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“I am 100 percent pro-peace, I don’t believe that war should be our first option, but unfortunately war is technically our last option ... absolutely no boots on the ground, I agree with that ... but you cannot let those massacres happen. When 1,400 people died in 20 seconds, that should be something that moves your emotions and you set the issues that you have aside and you make a conscious decision — do you want to help people or not?”
Joumaa is a Syrian-born U.S. citizen who has traveled to D.C. three times in the past two years to participate in protests.
Monday’s “Rally to Stop Assad’s Atrocities” was organized via Facebook. Members of the crowd nearly all said they were natives of Syria. Babies played on the laps of their mothers, most of whom had their heads covered. Some talkative protesters dispersed from the group to chat with curious tourists. A Capitol Police officer on the scene said no arrests had been made.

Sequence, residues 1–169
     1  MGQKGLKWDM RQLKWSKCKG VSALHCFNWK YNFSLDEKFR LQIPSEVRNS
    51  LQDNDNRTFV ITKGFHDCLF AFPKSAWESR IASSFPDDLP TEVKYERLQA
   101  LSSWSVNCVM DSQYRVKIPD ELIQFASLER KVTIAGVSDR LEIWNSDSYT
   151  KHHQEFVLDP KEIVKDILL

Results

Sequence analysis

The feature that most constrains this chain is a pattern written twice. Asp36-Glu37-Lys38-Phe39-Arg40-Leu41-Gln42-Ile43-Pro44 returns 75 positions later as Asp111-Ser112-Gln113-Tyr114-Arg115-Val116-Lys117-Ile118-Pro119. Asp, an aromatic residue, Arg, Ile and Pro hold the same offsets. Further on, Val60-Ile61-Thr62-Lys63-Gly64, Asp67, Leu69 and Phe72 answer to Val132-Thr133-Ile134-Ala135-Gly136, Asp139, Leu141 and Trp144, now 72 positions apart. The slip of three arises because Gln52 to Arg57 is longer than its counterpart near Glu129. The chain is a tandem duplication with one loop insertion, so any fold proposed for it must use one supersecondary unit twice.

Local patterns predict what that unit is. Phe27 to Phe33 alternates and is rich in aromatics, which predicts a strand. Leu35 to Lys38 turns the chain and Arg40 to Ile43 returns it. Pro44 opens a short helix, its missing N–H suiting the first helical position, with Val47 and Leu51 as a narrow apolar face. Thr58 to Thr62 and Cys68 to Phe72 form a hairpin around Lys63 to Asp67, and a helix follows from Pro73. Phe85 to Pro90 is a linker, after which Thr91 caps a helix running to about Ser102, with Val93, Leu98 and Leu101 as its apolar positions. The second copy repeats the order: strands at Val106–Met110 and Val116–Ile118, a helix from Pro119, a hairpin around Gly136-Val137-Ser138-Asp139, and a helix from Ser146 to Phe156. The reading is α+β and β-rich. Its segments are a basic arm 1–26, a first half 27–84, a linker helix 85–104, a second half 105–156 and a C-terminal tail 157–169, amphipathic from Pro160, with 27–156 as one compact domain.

By 4 p.m., another, smaller Syria-related protest had developed across Constitution Avenue, on the grass by the Russell Senate Office Building. Around 75 people lounged about the site carrying signs and wearing T-shirts that read “Peace in Syria.”
Inaam Jarjous said she and the other women, men and teens, all natives of Syria, traveled from Allentown, Penn., to tell Obama and Congress to stay out.
“We are a very peaceful country,” said Jarjous, who lounged on the grass and smoked a cigarette. She was born in Syria in 1948, but has lived in the U.S. for 36 years. She last returned to her village seven years ago and recalls, “You could stay outside until 3 a.m., 4 a.m., with your children. Whenever. We are a very peaceful country.”
Jarjous choked up as she spoke about recent calls to her niece in Syria. The young woman and her family are concerned they will be the target of bombing, Jarjous said.
“We are a very peaceful country. I don’t know why Obama is supporting this. It’s not fair. We are tired. We don’t want Obama bombing our country,” she said. “How many mothers are going to cry?”